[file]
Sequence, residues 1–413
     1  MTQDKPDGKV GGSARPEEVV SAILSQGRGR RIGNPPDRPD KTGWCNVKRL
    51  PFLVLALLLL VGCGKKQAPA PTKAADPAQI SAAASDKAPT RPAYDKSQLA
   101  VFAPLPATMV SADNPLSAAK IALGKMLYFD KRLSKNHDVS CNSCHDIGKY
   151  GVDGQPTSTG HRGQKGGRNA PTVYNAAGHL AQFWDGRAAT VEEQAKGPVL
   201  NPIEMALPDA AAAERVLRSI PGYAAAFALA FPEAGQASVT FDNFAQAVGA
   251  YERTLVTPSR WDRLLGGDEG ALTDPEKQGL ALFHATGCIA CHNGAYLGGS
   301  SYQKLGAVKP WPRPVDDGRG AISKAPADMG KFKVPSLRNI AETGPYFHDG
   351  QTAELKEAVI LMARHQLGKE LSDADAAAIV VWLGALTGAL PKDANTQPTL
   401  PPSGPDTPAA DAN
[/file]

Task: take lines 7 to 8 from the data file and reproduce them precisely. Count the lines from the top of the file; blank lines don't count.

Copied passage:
   251  YERTLVTPSR WDRLLGGDEG ALTDPEKQGL ALFHATGCIA CHNGAYLGGS
   301  SYQKLGAVKP WPRPVDDGRG AISKAPADMG KFKVPSLRNI AETGPYFHDG